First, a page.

The “family office” has become such a fashionable term in the private wealth management space. So catchy it is that when it comes to really defining what it means, particularly in the context of the single family office, firms of many stripes would invariably – rightly or wrongly – volunteer themselves to qualify.
It was apt and a privilege, therefore, that, for our pre-AGM panel discussion on the topic of family office governance, we had two veteran practitioners with first-hand experience of running established single family offices to share their insights: Mr Bernard Fung had run the London-based single family office and investment vehicle of Lord Sainsbury of Turville prior to returning to Singapore to join Credit Suisse as its incumbent Head of Family Office Services and Philanthropy Advisory Asia Pacific, while Ms Chew-Mee Kirtland is Managing Director of Mornington Services Pte Ltd, a Singapore-incorporated dedicated family office for members of a wealthy Asian family, which she also founded in 1999.
Good governance starts with a recognition of the key issues underpinning the successful operation of a single family office, of which Mr Fung identified the need for adequate and appropriate staffing, clarity of the relationship between the family’s businesses and the assets managed by the family office, and transparency of decision-making processes. While many Asian families are somewhat behind the curve when it comes to laying down the ground rules with regard to each of these three fundamental issues, Ms Kirtland believes financial education for the key stakeholders in the family businesses and the persons of big influence in the family relationships is important. She emphasised the value of investing resources to imbue financial discipline among family members and family office employees, enabling them to think strategically on all matters financial, from investments to administration; and build self-confidence in, and accountability for, decisions made.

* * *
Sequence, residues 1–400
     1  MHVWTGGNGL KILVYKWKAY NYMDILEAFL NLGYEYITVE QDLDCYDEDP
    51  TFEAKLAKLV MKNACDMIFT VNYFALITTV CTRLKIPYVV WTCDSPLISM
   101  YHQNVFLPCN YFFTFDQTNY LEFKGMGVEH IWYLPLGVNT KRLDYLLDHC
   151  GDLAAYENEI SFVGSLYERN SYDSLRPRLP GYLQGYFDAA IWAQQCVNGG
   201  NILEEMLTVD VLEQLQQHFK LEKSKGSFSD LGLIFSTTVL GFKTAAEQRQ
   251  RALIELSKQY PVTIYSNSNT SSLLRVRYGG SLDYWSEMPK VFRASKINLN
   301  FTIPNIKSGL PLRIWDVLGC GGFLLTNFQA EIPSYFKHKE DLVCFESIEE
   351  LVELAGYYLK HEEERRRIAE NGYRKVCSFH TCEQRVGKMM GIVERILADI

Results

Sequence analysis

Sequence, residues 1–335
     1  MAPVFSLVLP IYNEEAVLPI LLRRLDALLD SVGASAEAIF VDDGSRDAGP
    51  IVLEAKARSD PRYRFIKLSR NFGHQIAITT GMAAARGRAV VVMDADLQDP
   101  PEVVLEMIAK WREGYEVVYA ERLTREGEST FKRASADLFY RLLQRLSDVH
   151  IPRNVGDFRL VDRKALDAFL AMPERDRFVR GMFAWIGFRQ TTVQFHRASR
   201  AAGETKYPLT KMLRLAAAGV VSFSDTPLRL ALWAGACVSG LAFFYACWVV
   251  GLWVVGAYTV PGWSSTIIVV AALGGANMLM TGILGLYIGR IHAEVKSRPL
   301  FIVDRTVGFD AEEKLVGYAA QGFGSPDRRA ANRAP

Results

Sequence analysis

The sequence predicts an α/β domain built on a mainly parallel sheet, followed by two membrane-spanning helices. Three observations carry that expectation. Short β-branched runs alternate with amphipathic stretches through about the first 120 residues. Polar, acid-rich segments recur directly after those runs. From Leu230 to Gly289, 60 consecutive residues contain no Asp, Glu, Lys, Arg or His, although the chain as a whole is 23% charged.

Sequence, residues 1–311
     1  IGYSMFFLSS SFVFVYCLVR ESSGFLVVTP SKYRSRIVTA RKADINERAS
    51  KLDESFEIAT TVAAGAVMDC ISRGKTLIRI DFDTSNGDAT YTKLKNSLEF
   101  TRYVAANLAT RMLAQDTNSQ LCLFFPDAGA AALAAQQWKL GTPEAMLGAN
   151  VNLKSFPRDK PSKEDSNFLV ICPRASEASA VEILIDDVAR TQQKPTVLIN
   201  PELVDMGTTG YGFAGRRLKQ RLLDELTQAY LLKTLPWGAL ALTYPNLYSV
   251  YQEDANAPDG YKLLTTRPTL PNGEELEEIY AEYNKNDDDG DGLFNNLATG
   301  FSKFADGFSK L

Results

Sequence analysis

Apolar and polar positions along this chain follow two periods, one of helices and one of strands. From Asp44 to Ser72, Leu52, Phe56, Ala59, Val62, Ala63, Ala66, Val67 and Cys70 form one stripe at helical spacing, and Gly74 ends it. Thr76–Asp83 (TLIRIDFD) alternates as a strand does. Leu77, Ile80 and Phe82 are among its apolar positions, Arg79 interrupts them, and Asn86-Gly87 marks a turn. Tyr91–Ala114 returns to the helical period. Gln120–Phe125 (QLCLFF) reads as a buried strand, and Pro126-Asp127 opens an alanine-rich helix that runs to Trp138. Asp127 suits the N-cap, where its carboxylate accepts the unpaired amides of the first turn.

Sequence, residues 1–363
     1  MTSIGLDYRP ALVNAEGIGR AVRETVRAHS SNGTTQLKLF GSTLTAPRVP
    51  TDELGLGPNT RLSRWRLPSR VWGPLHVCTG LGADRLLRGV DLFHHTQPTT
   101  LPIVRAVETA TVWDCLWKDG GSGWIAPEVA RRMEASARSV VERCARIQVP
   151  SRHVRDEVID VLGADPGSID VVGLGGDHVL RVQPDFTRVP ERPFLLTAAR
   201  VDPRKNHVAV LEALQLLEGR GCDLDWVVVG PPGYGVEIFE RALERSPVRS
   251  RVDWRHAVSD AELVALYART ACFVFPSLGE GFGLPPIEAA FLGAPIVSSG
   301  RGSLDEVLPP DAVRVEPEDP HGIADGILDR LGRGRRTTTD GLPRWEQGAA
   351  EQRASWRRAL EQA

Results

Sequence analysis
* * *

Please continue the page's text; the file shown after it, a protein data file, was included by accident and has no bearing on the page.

Ms Kirtland highlighted the need for governance specifically in the investment process of the family office, an area in which she takes special interest. After identifying investment objectives and setting overall fund management strategies, there needs to exist proper controls, from the engagement of the right professionals to manage, to identifying and managing risks. How investment professionals are remunerated and incentivised in the process also needs to be transparent and certain. A proper governance framework ensures that decision-making at every level is properly focused.
In the end, both speakers emphasised that a family office is every bit the ‘people business’ that, say, private banking, in its truest form, is meant to be. It is about investing time, effort and other resources at the earliest possible time in education and the management of attitudes, expectations and interpersonal relationships and dynamics, between family and professionals. Only then can one develop a sensible, clear process for making sound decisions, which is what governance is all about.